Note: When registering a new company with California's Secretary of State, it can take several weeks to file the paperwork. One of the ways by which you can speed up this process is by getting your documents hand-delivered to them or to one of their field offices and also by paying additional fees.
How to File a DBA in California
DBAs are filed with the county, and to do so, you would have to contact your local County Recorder to find out the exact forms you need to submit as well as the submission process. To find your local county recorder’s office, search “YOUR COUNTY county recorder.”
- To register your DBA, obtain and file the correct forms with the count. (Note: Some counties let you search the name and register online. Others require the registration form to be notarized.)
- Publish a notice in an approved newspaper. The county would be able to guide you with the identification of approved newspapers. The notice’s publication frequency should be at least once a week for four consecutive weeks. After the fourth publication, the newspaper company should send you a Proof of Publication as a signed affidavit indicating dates of publication in their newspaper.
- Within 30 days after the fourth publication, you should file the Proof of Publication with the County Clerk’s Office.
Optional Considerations When Registering a Business in California
When registering a business in California, several people list their home or business address on the Articles of Organization, thereby becoming the victim of lots of junk mail as this address becomes a public record. To avoid such issues, you can hire a professional Registered Agent who will provide their address on the Articles of Organization and forward any important documents to you.
Having a registered agent is also convenient if you have to move someday, as you will not have to file forms or pay fees with the government. You would just have to update your address with your agent.
Step 4: Obtain Your Federal Employer ID Number (FEIN)
Your Federal Employer ID Number (FEIN) is like your Social Security Number for your company. The FEIN is mandatory if your business structure is Corporations and LLCs but optional in the case of DBA business structure unless you have employees, in which case it becomes mandatory.
However, if your business structure is DBA and you do not get your EIN, then you would be forced to use your social security number on several documents, making you vulnerable to identity theft. Thus, by getting your EIN, you would be able to prevent that.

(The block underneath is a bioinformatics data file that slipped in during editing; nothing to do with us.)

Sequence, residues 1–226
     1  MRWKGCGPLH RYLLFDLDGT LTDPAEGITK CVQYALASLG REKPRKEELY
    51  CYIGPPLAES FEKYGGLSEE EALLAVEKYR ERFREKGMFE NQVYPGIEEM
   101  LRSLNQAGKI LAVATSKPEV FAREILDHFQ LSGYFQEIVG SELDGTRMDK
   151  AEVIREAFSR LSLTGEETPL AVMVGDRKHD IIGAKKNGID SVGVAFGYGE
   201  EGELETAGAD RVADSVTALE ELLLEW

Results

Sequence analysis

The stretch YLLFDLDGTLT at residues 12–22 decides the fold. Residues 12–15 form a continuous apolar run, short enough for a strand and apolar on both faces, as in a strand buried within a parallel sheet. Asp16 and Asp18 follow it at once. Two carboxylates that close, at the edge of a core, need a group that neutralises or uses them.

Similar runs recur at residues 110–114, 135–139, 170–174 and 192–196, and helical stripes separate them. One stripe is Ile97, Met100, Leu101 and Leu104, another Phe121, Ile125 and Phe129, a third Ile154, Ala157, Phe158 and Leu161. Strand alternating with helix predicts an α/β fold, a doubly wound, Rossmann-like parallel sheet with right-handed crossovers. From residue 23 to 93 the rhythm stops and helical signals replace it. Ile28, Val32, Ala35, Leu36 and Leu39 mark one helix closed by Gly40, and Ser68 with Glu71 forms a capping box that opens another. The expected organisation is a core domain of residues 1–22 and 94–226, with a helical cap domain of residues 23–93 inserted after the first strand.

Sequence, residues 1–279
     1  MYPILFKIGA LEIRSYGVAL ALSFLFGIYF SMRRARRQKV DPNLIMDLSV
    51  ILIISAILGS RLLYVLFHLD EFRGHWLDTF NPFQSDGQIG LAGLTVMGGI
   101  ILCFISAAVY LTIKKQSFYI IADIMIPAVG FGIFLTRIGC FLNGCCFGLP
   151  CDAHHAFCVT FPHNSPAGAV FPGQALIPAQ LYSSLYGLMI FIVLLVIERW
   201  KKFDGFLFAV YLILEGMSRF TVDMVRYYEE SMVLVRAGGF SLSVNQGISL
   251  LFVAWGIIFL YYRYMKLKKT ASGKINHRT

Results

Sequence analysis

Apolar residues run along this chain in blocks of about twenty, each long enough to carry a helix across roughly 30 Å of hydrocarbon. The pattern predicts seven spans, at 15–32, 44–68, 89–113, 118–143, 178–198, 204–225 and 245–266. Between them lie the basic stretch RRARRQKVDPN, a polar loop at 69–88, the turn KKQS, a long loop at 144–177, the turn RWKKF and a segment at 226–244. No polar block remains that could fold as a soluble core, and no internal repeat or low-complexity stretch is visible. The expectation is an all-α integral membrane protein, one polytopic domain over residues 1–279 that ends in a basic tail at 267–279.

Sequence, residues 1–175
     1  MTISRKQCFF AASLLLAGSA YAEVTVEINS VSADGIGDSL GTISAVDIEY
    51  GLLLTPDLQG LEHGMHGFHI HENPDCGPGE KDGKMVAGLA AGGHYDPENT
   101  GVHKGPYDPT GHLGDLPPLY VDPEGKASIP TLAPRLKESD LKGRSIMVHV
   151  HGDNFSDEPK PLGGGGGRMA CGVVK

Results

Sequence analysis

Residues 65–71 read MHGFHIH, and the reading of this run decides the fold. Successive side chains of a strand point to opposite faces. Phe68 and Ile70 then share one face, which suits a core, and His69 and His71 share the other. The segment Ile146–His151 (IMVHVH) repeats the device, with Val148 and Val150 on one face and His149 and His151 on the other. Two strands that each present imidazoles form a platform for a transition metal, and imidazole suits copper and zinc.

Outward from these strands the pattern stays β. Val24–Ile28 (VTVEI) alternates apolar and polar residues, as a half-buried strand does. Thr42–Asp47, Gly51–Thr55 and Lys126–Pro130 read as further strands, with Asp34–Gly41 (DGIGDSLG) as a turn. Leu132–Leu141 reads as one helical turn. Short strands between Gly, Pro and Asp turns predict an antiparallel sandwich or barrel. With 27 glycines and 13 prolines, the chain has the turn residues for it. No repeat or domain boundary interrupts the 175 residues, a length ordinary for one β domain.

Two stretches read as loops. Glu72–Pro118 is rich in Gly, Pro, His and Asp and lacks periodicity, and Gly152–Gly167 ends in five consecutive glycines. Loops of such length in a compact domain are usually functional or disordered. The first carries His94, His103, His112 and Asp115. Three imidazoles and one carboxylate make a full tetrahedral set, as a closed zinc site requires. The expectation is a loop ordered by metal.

Note: To obtain an EIN, you can apply online with the IRS or via IRS Form SS-4.
Step 5: Open Your Business's Bank and Credit Accounts
It is required that you keep your business and personal finances separate, and one of the ways of ensuring that is by opening a business bank and credit account. Corporations and LLCs are required to operate these types of accounts, but they position your company for favorable loans and lines of credit.
Typically, the documents that you will need to open your business bank account are:
- Filed paperwork
- Company resolution signed by the owners, members, directors, officers, etc. that will authorize your company to open an account.
Step 6: Set Up an Accounting System
After fulfilling all the previous steps, you should set up an accounting and record-keeping system while also acquainting yourself with the taxes that are applicable to your business in California. This would depend on various factors like your business structure, the number of employees, the industry of your business, the revenue of your business, etc.
After locating your tax information, you should also file them. To do so, you should ensure that you have all the necessary paperwork for the following state and federal agencies and programs:
- California Franchise Tax Board (FTB)
- State Board of Equalization (BOE) to obtain a seller’s permit
- State of California Employment Development Department (EDD)
- Internal Revenue Services (IRS)
Generally, it is required that the company documents be kept for three years. This should also include a list of owners and addresses, copies of all formation documents, annual reports, financial statements, amendments, or changes to the company. In the case of tax and corporate filings, all of those documents should be kept for at least three years.
Note: If you are a sole proprietorship business in California, you will have to pay state taxes on your business income as part of your personal state income tax return and the tax bracket that you are a part of.